Ocean Fertilization Promotes Toxic Algae in Haida Gwaii

    One hundred tons of an iron-rich dirt-like material was dumped into the ocean near Haida Gwaii, an island off the shores of British Columbia and Alaska, in an effort to enhance the growth of phytoplankton and improve fishery [1]. It was done without permits as part of a $2-million project, initiated by the Haida Salmon Restoration Corporation in the hope of obtaining carbon credits, and has sparked considerable controversy.

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  • "The free flow of species at the northern end of the two oceans previously covered by sea ice can have unpredictable ecological consequences."

    The Northwest Passage Opens for Bowhead Whales

    "The free flow of species at the northern end of the two oceans previously covered by sea ice can have unpredictable ecological consequences."

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  • "We now know that that major regional and global climate shifts have occurred in just a few decades or even a single year. The most recent of these shifts occurred just 8200 years ago."

    The Science of Abrupt Climate Change: Should we be worried?

    "We now know that that major regional and global climate shifts have occurred in just a few decades or even a single year. The most recent of these shifts occurred just 8200 years ago."

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  • "Satellite data has shown us that a dome of fresh water has been building up in the western Arctic over the past 15 years, due to the wind. Our findings suggest that a reversal of the wind could result in the release of this fresh water to the rest of the Arctic Ocean and even beyond ..."

    Huge Pool of Arctic Fresh Water Could Cool Europe: Study

    "Satellite data has shown us that a dome of fresh water has been building up in the western Arctic over the past 15 years, due to the wind. Our findings suggest that a reversal of the wind could result in the release of this fresh water to the rest of the Arctic Ocean and even beyond ..."

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  • Journalist John Vidal from The Guardian interviewing Pablo Solon, former Ambassador and Bolivia's lead negotiator at the United Nations Climate Change negotiations.

    THE DAY AFTER – COP17 John Vidal and Pablo Solo (Saturday, Dec 10th 2011) PART1

    Journalist John Vidal from The Guardian interviewing Pablo Solon, former Ambassador and Bolivia's lead negotiator at the United Nations Climate Change negotiations.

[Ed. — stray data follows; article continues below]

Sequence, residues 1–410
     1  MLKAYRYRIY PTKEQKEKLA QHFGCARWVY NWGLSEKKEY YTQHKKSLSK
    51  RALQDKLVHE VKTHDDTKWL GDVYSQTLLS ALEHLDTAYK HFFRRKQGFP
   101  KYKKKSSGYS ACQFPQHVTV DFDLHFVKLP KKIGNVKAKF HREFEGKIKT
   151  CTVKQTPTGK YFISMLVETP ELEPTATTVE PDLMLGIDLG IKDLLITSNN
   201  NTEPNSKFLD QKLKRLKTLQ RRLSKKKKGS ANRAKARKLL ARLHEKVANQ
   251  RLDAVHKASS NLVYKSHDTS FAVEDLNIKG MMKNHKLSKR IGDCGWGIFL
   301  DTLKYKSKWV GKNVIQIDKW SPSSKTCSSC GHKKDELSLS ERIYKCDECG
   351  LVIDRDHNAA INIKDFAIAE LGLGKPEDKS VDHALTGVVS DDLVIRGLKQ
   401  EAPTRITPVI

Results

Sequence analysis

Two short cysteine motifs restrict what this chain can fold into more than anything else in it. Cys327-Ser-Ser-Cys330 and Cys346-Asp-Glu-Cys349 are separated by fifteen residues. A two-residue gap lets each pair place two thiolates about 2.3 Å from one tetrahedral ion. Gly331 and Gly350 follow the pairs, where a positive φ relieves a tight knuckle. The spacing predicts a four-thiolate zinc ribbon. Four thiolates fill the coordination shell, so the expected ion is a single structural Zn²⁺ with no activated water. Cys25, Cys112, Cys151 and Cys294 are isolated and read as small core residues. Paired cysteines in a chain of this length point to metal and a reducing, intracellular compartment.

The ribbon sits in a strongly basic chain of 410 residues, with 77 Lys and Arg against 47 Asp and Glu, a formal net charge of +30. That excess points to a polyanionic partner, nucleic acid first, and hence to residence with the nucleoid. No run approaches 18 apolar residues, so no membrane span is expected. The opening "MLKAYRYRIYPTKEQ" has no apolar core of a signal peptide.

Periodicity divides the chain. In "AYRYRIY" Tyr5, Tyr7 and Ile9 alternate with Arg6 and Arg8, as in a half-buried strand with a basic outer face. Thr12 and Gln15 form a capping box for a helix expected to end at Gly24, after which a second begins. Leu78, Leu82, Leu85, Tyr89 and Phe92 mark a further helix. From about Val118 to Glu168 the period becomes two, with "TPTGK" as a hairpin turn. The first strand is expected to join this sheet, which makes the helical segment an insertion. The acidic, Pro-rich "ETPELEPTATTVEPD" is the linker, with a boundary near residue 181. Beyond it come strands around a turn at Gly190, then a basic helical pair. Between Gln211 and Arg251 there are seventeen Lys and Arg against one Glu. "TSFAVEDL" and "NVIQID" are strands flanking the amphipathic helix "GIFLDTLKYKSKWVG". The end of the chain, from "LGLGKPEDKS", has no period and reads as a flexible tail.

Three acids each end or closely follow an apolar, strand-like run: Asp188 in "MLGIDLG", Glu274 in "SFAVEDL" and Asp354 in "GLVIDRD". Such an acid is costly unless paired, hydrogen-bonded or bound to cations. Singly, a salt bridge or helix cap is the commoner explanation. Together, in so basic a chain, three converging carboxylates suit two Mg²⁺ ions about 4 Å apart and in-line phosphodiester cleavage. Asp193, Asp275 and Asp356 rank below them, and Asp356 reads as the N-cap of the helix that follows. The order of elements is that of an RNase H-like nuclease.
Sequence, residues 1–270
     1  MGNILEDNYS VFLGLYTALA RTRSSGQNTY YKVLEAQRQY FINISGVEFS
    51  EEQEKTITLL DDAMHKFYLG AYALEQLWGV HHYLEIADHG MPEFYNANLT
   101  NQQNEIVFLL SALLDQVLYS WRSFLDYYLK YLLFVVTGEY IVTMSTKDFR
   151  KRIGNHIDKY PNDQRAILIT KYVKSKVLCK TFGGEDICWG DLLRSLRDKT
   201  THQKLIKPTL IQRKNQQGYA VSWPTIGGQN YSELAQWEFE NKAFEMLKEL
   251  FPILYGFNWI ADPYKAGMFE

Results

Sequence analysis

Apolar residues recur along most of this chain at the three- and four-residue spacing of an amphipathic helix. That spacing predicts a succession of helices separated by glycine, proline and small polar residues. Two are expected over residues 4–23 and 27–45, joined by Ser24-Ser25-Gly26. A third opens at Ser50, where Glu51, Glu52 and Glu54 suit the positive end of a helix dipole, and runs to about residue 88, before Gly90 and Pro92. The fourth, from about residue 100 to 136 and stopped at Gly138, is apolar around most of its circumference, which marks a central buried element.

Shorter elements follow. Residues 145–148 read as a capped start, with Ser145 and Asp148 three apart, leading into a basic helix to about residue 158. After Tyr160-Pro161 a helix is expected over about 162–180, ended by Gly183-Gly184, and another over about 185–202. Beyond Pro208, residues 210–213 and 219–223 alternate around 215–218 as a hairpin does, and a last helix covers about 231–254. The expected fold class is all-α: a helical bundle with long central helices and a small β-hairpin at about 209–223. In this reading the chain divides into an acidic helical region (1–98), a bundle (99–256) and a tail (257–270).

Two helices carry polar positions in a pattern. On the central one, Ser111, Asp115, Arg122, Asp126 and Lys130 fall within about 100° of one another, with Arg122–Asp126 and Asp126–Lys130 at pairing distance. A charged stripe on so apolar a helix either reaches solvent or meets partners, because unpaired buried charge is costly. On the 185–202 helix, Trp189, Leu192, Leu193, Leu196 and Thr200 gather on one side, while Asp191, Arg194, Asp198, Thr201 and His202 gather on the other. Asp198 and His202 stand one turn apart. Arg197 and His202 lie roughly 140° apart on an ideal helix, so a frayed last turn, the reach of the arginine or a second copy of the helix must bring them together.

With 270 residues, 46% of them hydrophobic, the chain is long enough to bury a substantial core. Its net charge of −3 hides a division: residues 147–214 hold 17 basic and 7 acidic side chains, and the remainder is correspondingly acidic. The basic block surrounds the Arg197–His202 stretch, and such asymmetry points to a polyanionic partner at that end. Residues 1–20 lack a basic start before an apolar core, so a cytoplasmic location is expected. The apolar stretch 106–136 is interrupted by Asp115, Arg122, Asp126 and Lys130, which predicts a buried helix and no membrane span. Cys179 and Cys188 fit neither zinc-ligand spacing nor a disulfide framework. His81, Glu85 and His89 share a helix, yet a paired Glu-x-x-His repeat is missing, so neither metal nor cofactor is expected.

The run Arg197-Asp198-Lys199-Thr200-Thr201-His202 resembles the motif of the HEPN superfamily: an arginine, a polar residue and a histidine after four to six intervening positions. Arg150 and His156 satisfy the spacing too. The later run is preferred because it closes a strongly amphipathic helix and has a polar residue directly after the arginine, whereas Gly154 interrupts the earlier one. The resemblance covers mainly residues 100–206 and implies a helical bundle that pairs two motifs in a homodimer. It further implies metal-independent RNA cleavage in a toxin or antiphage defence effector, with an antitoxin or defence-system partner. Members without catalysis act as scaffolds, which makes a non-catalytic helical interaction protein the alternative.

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  • "After one week of negotiations in Durban, a compilation of negotiation texts was presented, which essentially builds on work during the whole year. There are several very problematic issues in this text, but let’s start with the good news: several issues from the Peoples’ Agreement are present in the text, especially in the Shared Vision chapter1."

    Key issues of the Peoples Agreement Present in Durban Negotiation Text

    "After one week of negotiations in Durban, a compilation of negotiation texts was presented, which essentially builds on work during the whole year. There are several very problematic issues in this text, but let’s start with the good news: several issues from the Peoples’ Agreement are present in the text, especially in the Shared Vision chapter1."

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  • The Commodification of Earth's Forests: The Key Players Behind REDD

    "The WWF, The Nature Conservancy, Conservation International, Environmental Defense Fund, Woods Hole Research Center, CIFOR, Wildlife Conservation Society and other “conservationist” NGOs are among those who stand to make billions of dollars from REDD+. The interests of these conservation NGOs and large corporations have become more clear. Corporations on one hand have been using these NGOs as their best green public relations’ agencies – if paid the right amounts of money, and the NGOs funds on the other hand, have grown more dependent on the “contributions” from these same corporations."